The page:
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Fish Must Work Harder to Survive in Pharmaceutical-Contaminated Waters

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News

Fish Must Work Harder to Survive in Pharmaceutical-Contaminated Waters

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Pharmaceuticals and other man-made contaminants are forcing fish that live downstream from a typical sewage treatment plant to work at least 30 per cent harder just to survive, McMaster researchers have found.

The effort to decontaminate their bodies from pollutants that persist even after water treatment makes fish vulnerable by forcing them to burn energy that would typically go toward other vital functions.


"That's a difference in metabolic rate that we would have if we started walking several extra hours a day. It's a pretty big increase in metabolism," says Graham Scott, senior author of a new paper published today in the journal Environmental Science and Technology. "That's a lot of resources."


Metabolism increases with activity, sickness or stress. By using valuable metabolic resources to decontaminate its own body, a fish has less energy for movement, evading predators, catching prey, and reproduction. The effort puts populations at risk, highlighting the unseen impacts of pollution, Scott says.


"A lot of studies of environmental pollution are looking major impacts that cause animals to die. We were really concerned about those impacts of pollution that are not as obvious, but still very significant," says Scott, an assistant professor of biology at McMaster University who worked with six colleagues, including animal behavior specialist Sigal Balshine and lead author Sherry Du, a graduate student in biology. "Metabolism is a lens into the inner workings of the animal, and its health and fitness."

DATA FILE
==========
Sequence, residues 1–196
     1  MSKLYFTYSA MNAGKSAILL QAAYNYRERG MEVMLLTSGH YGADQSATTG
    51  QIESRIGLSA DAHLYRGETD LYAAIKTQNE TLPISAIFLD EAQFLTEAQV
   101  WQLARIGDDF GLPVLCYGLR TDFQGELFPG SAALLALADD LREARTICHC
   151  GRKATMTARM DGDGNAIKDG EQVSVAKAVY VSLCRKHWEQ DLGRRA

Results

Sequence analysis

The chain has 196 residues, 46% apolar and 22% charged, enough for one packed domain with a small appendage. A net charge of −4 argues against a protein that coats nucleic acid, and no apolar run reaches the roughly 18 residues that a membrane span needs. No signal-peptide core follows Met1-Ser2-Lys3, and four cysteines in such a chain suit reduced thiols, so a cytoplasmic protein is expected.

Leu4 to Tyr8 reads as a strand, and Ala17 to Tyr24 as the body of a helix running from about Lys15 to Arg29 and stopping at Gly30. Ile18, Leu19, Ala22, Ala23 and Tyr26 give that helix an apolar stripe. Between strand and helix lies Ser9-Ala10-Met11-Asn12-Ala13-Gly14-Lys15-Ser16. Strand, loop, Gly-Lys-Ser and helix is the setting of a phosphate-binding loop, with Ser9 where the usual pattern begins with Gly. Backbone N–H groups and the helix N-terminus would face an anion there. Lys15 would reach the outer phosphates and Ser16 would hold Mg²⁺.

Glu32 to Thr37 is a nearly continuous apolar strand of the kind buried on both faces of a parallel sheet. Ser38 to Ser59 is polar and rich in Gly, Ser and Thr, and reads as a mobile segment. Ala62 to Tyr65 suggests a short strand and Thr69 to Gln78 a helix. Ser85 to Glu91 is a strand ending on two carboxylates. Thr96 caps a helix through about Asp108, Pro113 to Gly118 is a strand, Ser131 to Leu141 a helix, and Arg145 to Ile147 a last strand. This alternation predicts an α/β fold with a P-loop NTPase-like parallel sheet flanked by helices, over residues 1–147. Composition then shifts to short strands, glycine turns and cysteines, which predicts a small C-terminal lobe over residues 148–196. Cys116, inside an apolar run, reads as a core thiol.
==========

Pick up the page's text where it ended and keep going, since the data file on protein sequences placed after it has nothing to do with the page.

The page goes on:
The findings suggest that new water-treatment technology is required to protect populations from modern threats.


The researchers took wild sunfish from an unpolluted local source and submerged cages of them at different points downstream from the Dundas Wastewater Treatment Plant near the McMaster campus for three weeks in the summer of 2016.


Using laboratory analyses, the researchers compared the metabolism of the wastewater-exposed subjects to that of fish they had placed in an unpolluted pond in the headwaters of the same watershed.


The wastewater treatment plant functions well, the researchers say, but it is not made to capture modern pollutants such as birth-control medication, anti-depressants and beta blockers, and while upgrades are planned, the new technology still won't be able to clear all of the modern contaminants.


Cootes Paradise, the marsh that forms the extreme west end of Lake Ontario, is a good location for such research, Scott explains, because it is a contained environment. What happens to fish living in treated sewage outflow is likely similar in other locations with similar plants, he says.


Balshine was the senior author of a related study that recently showed the behaviour of fish living in treated wastewater outflow was also measurably different.


Taken together, Scott says, the studies of metabolism and behavior reinforce the idea that invisible pollution from emerging new contaminants is having a serious impact on populations downstream from sewage treatment plants - a problem that should be addressed.

This article has been republished from materials provided by McMaster University. Note: material may have been edited for length and content. For further information, please contact the cited source.

Reference
Metabolic Costs of Exposure to Wastewater Effluent Lead to Compensatory Adjustments in Respiratory Physiology in Bluegill Sunfish. Sherry N. N. Du, Erin S. McCallum, Maryam Vaseghi-Shanjani, Jasmine A. Choi, Theresa R. Warriner, Sigal Balshine, and Graham R. Scott. Environmental Science and Technology January 16, 2018, Volume 52, Issue 2, pp 801–81, DOI: 10.1021/acs.est.7b03745.

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